Imagine waking up in the morning, opening your eyes and seeing on the pillow in front of you a cute face. The face of a piglet.
That was just a regular morning for Viktorija Naujokaitė and Edvardas Stalionis – and a pot belly pig called Barborytė – around three years ago.
“When we went to sleep Barborytė was lying on the footside of the bed and during the night she climbed to the best place on the pillow, always. There we were, sleeping on a bad mattress in sleeping bags next to a pig”, Edvardas tells laughing.
It was April 2015 and Trys Paršeliai, Three Little Pigs Sanctuary, had just moved to its home. It is the first and so far only farm animal sanctuary in Lithuania and the Baltics.
It had been Viktorija’s dream for many years already to run a sanctuary. She went to work to Sweden for a year and thought that after coming back she would start the sanctuary in her small home town.
Then Viktorija met Edvardas, who was from Vilnius, and they decided to start the sanctuary together. Edvardas hoped to live more near to the nature and the couple started to search for a new location.
They went to see many farmsteads but none of them seemed to tick all the boxes. Either they were too expensive, too remote or there wasn’t the buildings needed. Then a friend, that kind of a person who knows everyone, told that she knew people who own land with a homestead. They were not doing anything with it and were willing to let Trys Paršeliai start there. The location near a small town Aukstadvaris is perfect, between Vilnius and Kaunas, two of the biggest cities of Lithuania. In the beautiful countryside but easy for people to visit.
When Viktorija and Edvardas moved to the sanctuary to be, there was a lot of work ahead. No one had lived on the farm for eight years and you could tell that. Nature had taken over the place and there was lots of trash lying around in the house.
But there was potential. Viktorija, Edvardas and many helpful friends started to make the place more comfortable for its residents, who started to move in. Now there are around 30 animals living in the sanctuary. Chickens that have been rescued from a trash bin outside a chicken farm. Sheep that were supposed to be used for research in an animal laboratory. Rabbits whose owner was too old to take care of them any longer. 13-year old cow Zuika, who would have ended up to a slaughterhouse. Let’s not forget the goats – and how could we?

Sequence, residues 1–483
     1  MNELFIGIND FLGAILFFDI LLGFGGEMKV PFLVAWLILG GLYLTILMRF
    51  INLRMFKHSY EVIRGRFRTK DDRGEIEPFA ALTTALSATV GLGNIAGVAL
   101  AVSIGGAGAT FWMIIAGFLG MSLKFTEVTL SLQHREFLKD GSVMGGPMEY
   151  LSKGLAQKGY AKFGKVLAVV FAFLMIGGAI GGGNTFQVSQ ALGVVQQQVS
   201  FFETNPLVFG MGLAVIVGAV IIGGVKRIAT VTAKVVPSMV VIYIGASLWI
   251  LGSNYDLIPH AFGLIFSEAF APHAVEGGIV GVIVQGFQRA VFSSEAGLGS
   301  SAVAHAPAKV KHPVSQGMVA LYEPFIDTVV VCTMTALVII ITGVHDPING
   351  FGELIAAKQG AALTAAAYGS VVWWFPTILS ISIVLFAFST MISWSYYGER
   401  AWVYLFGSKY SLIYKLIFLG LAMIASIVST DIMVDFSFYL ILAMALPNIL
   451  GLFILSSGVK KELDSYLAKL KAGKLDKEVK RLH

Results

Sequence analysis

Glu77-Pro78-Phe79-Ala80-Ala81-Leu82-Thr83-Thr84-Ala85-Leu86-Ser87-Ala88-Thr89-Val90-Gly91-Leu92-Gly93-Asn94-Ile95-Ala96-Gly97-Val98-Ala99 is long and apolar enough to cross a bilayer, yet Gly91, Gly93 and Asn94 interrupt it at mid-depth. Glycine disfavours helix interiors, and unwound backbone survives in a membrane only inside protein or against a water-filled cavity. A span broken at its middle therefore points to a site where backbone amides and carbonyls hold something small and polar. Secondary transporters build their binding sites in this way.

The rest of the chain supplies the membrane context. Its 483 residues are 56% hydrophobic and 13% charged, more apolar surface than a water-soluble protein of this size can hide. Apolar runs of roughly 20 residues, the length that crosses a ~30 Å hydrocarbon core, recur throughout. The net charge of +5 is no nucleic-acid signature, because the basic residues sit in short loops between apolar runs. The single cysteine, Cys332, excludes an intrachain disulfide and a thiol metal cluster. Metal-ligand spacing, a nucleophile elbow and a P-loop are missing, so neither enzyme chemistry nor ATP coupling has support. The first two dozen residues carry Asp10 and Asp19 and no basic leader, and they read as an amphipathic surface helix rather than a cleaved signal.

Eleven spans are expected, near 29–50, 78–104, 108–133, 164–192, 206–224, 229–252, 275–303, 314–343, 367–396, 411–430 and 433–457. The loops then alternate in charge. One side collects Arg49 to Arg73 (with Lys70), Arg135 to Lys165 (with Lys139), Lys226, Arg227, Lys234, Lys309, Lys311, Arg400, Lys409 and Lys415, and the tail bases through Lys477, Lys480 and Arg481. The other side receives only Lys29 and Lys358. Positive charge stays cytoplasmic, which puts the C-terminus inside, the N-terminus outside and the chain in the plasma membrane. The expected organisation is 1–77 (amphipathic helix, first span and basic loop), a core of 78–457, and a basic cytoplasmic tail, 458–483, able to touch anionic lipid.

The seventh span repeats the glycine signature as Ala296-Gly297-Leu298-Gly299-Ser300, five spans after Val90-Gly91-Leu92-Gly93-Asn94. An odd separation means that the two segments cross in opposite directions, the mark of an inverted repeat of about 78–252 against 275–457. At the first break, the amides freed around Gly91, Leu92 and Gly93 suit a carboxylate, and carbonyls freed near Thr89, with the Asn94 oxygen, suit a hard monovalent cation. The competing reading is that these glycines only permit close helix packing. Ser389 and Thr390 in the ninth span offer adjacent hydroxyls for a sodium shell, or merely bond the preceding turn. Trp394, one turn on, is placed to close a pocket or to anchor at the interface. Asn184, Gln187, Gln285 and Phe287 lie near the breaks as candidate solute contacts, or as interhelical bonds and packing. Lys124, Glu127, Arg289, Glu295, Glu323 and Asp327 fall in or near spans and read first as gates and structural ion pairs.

“People are often surprised that goats are always there, checking what you are doing”, Viktorija laughs.
It is not the only thing that people learn when getting to know the animals of the sanctuary.
“Many visitors don’t know that cows are not milking machines, they imagine a cow always produces milk. In general people are amazed that animals are so friendly and come to meet you and are not running away. If you have apples they are your best friends”, Viktorija smiles. That I notice too when I step to the field with apples in my hands.
Running a sanctuary has also changed how Viktorija and Edvardas think of animals. For Viktorija learning how clever personalities chickens are has made a big difference. “I love chickens. Now everytime I hear a lot of chickens somewhere in a farm I feel sorry for them. They don’t sound the same like they used to.”
Meeting the animals and learning about them can break many prejudices. That is why Edvardas and Viktorija hope to host more visitors from schools this spring and summer. There are also many other plans that are now a bit closer, thanks to what happened a year ago.
Tiny pig, big impact
When the couple had lived in the homestead for two years it was clear that the place suited well for the sanctuary. The problem was that it was not theirs – yet. It didn’t make sense to invest money to build on the land that they might have to leave one day.
Viktorija and Edvardas put up a crowdfunding campaign to finance buying the place. Campaign lasted 1,5 months and was successful. It brought them not only the money to buy the farmstead but also a lot of publicity in Lithuania. For example all the biggest TV channels made a story about Trys Paršeliai. “We were quite surprised that people were so interested in these farm animals and it was really nice to see that.”
Future plans include being able to host volunteers, to accept more guests and to work more on educating about animal rights. Building a new barn is also on the list.
Already a lot has changed since Barborytė was there taking the nicest and softest pillow on the bed. Barborytė has sadly passed away but she left a lasting impact on Viktorija and Edvardas. She was born in a farm and raised for meat, so she wasn’t that used to living with people. Regardless, after couple of days living with Edvardas and Viktorija she already knew her name.
“Barborytė was so clever, we were taking her everywhere. She was running together with the dogs without a leash, she was amazing. If she would run far, you would call Barborytė and she would turn around and come back”, Viktorija says.
Even the former owner of Barborytė was so impressed with how social and clever the pigs were when they had the freedom to be themselves, that she didn’t want to raise them for meat anymore. Talking about a small being making a big difference in this world.
Find out more about this wonderful place, its residents and how to help at Trys Paršeliai’s website.